Professor Garfield helps kids learn about online safety with several great videos, activities, and games. The site is broken down into the following categories: Online Safety, Cyber Bullying, Fact or Opinion, and Forms of Media. The “watch, try, apply” method keeps kids engaged and insures that they are learning the content. There are Teacher Materials, Parent Tips, a printable Internet Safety Certificate, and a printable Classroom Poster.

3. Amateur Science Sites

FunSci has been around for a long time, and I don’t think the design has changed since around 1997. What the site lacks in aesthetics, it makes up for in content. There are so many great resources here for young scientists to learn about and discover new things. It makes it a worthwhile visit.

Paragons of the Week – Zoo Burst, PocketMod, Doppelme

Episode 30Previous Paragons

1. Zoo Burst

Zoo Burst is a digital storytelling tool that allows you to create lively pop-up books with sounds and actual pop-up effects when you turn the page.  You first create a free account, and then use the simple interface and tools to begin creating your book.

2. PocketMod

PocketMod is an interesting site that lets you create a little 8-page printable book with all kinds of information that you add. Some of the ready-made widgets include: weather, calendars, lists, images, conversions, games, emergency information, and more. To use in the classroom you could have students make a little book recapping major events of a story they just read; write a pocket story book; create mini vocabulary books; design a health and exercise journal; or create a quick guide to a country they are studying. The uses are endless.

3. Doppelme

Another great avatar creator, Doppel.me allows kids to create themselves without creating an account. When you are finished building your avatar, you simply right-click on the picture, and save the image to your preferred storage folder. If you do create a free account, you get access to many more options when building your avatar.

Paragons of the Week – Scale of the Universe, Nobel Prize Edu-games, Antarctica ”Street” View

Episode 29 >>Previous Paragons

1. Scale of the Universe

Scale of the Universe is an amazing journey in scale. The site allows you to zoom out from quantum foam all the way to the outer universe.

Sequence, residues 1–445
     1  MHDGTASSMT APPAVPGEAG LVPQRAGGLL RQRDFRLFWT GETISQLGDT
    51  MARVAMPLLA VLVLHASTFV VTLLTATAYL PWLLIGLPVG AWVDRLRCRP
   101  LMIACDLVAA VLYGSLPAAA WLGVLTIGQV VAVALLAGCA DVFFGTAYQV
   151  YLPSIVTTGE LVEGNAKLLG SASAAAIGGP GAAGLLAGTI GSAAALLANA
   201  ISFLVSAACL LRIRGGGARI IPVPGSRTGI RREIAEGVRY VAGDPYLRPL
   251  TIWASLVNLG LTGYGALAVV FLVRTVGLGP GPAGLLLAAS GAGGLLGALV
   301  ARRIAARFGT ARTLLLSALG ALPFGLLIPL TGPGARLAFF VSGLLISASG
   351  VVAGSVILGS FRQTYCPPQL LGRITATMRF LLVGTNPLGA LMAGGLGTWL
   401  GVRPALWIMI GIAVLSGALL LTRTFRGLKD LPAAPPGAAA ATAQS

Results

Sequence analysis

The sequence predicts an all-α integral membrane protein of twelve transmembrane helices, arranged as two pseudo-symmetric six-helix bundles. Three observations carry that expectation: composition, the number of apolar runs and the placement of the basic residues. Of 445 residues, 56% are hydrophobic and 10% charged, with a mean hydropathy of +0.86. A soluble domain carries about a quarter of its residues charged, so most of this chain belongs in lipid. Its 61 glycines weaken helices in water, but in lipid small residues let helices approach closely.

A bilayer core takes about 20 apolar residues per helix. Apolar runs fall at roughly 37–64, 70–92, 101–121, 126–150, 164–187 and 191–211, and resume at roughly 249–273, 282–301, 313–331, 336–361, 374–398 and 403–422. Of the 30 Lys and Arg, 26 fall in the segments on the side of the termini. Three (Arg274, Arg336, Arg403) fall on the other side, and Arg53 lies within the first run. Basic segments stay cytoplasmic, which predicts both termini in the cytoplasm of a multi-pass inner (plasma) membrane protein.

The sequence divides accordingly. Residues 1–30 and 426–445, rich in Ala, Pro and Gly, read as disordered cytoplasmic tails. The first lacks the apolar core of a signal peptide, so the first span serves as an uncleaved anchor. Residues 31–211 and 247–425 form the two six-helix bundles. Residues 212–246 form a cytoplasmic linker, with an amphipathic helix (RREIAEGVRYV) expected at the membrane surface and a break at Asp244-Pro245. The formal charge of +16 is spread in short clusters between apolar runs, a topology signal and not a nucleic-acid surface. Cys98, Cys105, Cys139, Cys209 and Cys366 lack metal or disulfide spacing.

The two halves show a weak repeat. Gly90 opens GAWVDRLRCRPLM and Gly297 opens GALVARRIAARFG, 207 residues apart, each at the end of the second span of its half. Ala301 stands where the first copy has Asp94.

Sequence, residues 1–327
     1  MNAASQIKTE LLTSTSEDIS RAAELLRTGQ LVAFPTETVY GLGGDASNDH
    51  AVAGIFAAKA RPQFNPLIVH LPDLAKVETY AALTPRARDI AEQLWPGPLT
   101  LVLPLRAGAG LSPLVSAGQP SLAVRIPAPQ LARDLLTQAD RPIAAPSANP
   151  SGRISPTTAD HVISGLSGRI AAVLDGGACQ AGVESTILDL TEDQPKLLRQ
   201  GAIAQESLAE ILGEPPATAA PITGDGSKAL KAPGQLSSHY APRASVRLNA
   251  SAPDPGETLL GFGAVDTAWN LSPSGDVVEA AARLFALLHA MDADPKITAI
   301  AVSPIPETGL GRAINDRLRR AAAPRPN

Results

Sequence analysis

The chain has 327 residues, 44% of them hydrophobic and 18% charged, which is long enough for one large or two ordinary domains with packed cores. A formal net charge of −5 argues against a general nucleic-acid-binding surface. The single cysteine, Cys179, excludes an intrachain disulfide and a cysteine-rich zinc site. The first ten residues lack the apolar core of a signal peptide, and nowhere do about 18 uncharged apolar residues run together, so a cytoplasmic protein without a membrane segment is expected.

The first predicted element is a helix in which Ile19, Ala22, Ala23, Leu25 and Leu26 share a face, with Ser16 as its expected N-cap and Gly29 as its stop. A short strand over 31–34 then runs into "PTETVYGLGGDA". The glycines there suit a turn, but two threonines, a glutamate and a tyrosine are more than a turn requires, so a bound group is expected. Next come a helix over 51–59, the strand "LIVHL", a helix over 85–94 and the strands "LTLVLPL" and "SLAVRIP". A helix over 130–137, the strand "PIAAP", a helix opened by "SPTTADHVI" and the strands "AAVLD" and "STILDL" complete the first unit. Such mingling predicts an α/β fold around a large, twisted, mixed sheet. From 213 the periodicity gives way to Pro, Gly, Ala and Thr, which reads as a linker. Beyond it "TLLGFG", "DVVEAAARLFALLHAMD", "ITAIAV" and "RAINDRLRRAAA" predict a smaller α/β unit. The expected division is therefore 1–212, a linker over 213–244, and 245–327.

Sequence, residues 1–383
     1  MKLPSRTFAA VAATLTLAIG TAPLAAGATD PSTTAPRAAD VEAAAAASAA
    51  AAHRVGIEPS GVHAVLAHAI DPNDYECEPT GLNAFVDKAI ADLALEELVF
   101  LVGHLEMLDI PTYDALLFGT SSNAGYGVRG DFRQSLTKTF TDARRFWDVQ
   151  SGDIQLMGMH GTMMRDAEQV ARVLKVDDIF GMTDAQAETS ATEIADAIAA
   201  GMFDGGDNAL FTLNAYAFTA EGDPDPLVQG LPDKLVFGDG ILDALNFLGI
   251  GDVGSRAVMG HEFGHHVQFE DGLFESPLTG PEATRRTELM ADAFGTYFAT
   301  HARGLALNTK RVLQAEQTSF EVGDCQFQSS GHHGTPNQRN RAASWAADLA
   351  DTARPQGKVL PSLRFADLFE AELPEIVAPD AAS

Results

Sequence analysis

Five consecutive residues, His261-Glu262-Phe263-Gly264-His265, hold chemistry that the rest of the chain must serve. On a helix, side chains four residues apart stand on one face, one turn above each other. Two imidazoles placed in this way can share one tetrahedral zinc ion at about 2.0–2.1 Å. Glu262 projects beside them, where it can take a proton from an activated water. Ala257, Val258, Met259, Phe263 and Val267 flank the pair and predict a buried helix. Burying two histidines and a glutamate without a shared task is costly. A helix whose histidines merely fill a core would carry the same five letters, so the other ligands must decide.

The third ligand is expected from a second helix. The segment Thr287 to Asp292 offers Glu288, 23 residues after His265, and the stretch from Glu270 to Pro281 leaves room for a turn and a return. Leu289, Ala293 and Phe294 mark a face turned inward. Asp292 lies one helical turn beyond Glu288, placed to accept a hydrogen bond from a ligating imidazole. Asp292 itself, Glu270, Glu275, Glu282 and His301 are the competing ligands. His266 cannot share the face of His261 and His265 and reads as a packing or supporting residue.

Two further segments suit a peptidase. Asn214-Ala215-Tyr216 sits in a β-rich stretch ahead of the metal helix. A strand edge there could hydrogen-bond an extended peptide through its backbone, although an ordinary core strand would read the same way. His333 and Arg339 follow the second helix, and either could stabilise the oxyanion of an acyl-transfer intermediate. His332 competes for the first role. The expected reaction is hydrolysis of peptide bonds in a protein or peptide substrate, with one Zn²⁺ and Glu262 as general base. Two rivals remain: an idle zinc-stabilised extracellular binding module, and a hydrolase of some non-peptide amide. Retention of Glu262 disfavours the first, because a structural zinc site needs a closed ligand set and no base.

2. Nobel Prize Educational Games

The Nobel Prize Educational Games are a series of well thought out games based on Nobel Prize achievements. You can learn about blood typing (my personal favorite), lasers, diabetes, DNA, Conductive Polymers, and more!

3. Antarctica “Street” View

Google maps has just released imagery of Antarctica that allows you to take a walk around parts of the white continent. A very small portion of Antarctica have been covered (for obvious reasons), but the views are amazing!

Paragons of the Week – Cloud Canvas, Dot-Dash, Word Search Maker

Episode 28Previous Paragons

1. Cloud Canvas

Cloud Canvas is a powerful in-browser drawing program that allows users to utilize layers, filters, clip art and other graphics, brushes, textures, and many other features normally found in Photoshop-like programs. You save directly into your Google Docs account or you can export as a .png file onto your computer from the drawing.

2. Dot-Dash

Dot-Dash is a brainstorming creator from the BBC that allows quick and easy thought connections that teachers can create with an entire class together, or as individual students. Not as robust as Inspiration, but a nice, free, web-based alternative. If you’re looking for something for older students, try bubbl.us. Hat tip to Susan Sedro for the find.

3. WordSearch Maker

If you are a fan of word searches, you will like WordSearchMaker.net.  They are easy to make, printable, embeddable into websites (does not work within a WordPress site however), and interactive. Just type in all the words you would like to use and either embed the finished word search or direct students to the URL so they can work it out online. TIP: I did notice that it puts a space in-between words like North America, so as you create it, keep your words together.

Paragons of the Week – Family Safety Center, The Learning Edge, Answer Garden

Episode 27

Paragons of the Week is a reoccurring post highlighting resources that I find to be worth mentioning. I come across 100s of useful tools for educators each week. Below are the top 3 “paragons” that I found this week that I feel teachers might dig. To view previous Paragons, click here.

1. Google Family Safety Center